22. Were the opportunities good in your community for a poor young man, honest and industrious, to save up enough to buy a small farm or go in business for himself?


23. Were poor, honest, industrious young men, who were ambitious to make something of themselves, encouraged or discouraged by slaveholders?


24. What kind of school or schools did you attend?


25. About how long did you go to school altogether?

9 years (after crop layed by)

26. How far was it to the nearest school?

1 mile

27. What school or schools were in operation in your neighborhood?

Mt. Hermon

28. Was the school in your community private or public?


29. About how many months in the year did it run?

9 month

30. Did the boys and girls in your community attend school pretty regularly?


31. Was the teacher of the school you attended a man or a woman?

Man & Woman

32. In what year and month and at what place did you enlist in the service of the Confederacy or the Federal Government?

Sept 1863 at Gainsville Ala. Went out in Co. A. & transferred to Co. H.

33. State the name of your regiment and state the names of as many members of your company as you remember.

Co. H Armsteads Cavalry. James Anderson, Tom Warner (all I know to be living) sad sad sad

Monument at Livingston Ala has many names on it. ( W.T. McKnight name on it of Co. H Armstead (Ala) Cavalry.

34. After enlistment, where was your company sent first?

Tuscaloosa Ala

35. How long after your enlistment before your company engaged in battle?

Several months.

36. What was the first battle you engaged in?

La Fayette Ga

37. State in your own way your experience in the war from this time to the close. State where you went after the first battle-what you did, what other battles you engaged in, how long they lasted, what the results were; state how you lived in camp, how you were clothed, how you slept, what you had to eat, how you were exposed to cold, hunger and disease. If you were in hospital or in prison, state you experience here.

Were in battle near Rome Ga (horse shot from under me) lost mule in battle near Spanish Fort, Ala. Came near being captured (by yanks). Was in battle at Millnery Farm, Bluff Springs (near Pensacola Fla) shot by negro yank & I killed him. (Yanks fought us with negros). Yanks came out from Pensacola & cut RR at Pollard . With Forrest at West Point, Ponotoc & Tupelo. Was with Wheeler at Turkey Town & many other battles. Slept many nights in snows, sleet & saddle for pillow & hungry.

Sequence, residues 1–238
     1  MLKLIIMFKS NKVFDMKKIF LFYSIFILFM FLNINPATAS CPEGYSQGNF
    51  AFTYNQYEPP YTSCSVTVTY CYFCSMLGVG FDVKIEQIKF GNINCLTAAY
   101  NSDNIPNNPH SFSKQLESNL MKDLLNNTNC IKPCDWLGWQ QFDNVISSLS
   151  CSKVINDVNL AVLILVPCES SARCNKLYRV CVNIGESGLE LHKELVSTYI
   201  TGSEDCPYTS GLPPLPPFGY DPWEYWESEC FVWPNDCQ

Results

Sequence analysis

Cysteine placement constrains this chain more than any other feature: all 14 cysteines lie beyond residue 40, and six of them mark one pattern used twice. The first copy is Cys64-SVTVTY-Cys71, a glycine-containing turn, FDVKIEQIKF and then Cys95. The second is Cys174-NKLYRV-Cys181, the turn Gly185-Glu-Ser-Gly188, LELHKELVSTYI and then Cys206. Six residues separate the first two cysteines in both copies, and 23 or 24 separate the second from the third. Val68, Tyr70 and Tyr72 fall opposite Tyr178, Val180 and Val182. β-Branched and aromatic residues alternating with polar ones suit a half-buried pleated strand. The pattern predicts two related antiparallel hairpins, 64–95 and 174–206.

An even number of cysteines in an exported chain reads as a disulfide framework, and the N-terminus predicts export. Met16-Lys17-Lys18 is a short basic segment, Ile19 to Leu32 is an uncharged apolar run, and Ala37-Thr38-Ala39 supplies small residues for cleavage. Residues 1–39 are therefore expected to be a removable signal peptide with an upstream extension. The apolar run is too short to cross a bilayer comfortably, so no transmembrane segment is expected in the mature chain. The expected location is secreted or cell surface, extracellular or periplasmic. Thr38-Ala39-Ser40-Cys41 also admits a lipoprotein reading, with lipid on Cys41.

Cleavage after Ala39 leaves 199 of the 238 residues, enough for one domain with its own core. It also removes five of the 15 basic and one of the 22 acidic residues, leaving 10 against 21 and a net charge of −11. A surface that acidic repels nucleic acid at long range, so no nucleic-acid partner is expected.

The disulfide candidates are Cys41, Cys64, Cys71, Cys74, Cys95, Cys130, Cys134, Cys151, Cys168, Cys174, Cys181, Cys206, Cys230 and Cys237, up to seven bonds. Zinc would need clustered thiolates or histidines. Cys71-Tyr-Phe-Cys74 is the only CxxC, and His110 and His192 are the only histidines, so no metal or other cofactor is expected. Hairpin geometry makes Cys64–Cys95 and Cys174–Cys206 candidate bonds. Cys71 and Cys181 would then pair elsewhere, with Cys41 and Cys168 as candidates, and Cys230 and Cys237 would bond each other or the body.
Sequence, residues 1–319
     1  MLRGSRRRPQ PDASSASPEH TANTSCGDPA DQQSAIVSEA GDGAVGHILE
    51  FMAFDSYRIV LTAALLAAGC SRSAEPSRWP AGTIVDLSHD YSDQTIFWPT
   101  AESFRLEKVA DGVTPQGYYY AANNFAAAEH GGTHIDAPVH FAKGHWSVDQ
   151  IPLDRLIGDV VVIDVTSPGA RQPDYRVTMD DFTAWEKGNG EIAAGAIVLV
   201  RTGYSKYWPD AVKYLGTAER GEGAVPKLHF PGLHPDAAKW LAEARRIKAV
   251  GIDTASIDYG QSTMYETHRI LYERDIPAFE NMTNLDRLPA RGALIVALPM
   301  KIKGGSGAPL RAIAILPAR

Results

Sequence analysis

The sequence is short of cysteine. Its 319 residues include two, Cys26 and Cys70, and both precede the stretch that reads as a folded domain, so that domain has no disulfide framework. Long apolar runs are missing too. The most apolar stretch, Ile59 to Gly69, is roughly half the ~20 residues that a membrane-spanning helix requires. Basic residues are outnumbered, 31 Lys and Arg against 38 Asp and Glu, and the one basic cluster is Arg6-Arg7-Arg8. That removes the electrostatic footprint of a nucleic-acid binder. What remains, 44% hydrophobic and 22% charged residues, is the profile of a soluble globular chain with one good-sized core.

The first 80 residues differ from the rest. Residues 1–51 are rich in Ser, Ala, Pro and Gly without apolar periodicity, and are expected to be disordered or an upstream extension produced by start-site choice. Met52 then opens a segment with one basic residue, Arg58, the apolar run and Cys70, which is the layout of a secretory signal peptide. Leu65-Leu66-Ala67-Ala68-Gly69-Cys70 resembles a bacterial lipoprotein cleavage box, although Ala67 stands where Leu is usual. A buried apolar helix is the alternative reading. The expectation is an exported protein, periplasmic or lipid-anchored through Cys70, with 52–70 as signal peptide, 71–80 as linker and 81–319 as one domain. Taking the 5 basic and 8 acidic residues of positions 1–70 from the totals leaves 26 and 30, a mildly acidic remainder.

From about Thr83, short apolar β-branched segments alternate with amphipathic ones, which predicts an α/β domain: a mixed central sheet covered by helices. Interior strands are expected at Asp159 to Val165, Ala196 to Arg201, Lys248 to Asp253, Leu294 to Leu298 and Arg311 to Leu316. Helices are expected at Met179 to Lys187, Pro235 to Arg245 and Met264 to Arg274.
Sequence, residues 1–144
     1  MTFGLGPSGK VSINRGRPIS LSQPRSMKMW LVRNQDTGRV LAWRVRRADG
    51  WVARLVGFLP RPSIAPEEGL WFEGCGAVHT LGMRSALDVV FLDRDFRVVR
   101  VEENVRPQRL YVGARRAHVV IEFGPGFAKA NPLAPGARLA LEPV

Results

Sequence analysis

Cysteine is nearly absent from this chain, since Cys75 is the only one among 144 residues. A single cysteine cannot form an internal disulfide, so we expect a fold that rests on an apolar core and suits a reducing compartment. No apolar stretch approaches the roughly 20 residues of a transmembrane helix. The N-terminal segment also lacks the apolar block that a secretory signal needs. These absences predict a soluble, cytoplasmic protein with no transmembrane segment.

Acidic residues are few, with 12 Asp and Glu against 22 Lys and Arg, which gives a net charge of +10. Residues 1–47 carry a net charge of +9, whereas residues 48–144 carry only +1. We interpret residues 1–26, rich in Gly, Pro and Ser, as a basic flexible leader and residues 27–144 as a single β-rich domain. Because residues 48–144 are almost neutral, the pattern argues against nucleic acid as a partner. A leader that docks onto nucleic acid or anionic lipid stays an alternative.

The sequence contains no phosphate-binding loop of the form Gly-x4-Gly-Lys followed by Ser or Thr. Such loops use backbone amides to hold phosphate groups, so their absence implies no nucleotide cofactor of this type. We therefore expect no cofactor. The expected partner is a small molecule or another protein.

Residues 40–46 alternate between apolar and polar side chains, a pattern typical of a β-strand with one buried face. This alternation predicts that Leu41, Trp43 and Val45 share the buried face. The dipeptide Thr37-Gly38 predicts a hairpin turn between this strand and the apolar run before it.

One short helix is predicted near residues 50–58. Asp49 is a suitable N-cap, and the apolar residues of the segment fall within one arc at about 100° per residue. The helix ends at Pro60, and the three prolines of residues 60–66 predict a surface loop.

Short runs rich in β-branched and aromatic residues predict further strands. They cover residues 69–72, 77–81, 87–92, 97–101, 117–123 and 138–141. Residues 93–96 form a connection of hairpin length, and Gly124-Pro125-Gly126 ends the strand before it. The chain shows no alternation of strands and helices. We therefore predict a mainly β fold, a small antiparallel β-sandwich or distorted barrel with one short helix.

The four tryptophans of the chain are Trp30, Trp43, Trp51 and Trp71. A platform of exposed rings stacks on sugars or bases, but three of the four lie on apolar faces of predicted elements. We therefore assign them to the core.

Mobile & Blakely

38. Where and when were you discharged?

May 1865 at Gainsville Ala

39. Tell something of your trip home.

Was only 20 miles home (Livingston Ala) made trip OK

40. What kind of work did you take up when you came back home?

Farming my fathers. Negros all left & I saved part of the crop.

41. Give a sketch of your life since the close of the Civil War, stating what kind of business you have engaged in, where you have lived, your church relations, etc. If you have held any office or offices, state what it was. You may state here any other facts connected with your life and experience which has not been brought out by the questions.

Clerked few years & went in mercantile business for self & was very successful. Raised 3 children (wife dead) all married & doing well.

42. Give full name of your father: Born at: In the country of: State of: He lived at: Give also an particulars concerning him, as official position, war services, etc., books written by, etc.

Francis H. McKnight, Boliver Tenn, (near) Livingston Alabama

43. Maiden name in full of your mother: She was the daughter of: And his wife: Who lived at:

Susan Ann Hucherson, George Washington Hucherson, Martha Hucherson, (near) Livingston Ala. (from Orange Co. Va)

44. Remarks on Ancestry. Give here any and all facts possible in reference to your parents, grandparents, great-grandparents, etc., not included in the foregoing, as where they lived, offices held, Revolutionary or other war service; what country the family came from to America; whence first settled, county and state; always giving full names (if possible), and never referring to an ancestor simply as such without giving the name. It is desirable to include ever fact possible, and to that end the full and exact record from old Bibles should be appended on separate sheets of this size, thus preserving the facts from loss

Geo. W Hucherson was General in War of 1812. Was great friend of Geo. Washington.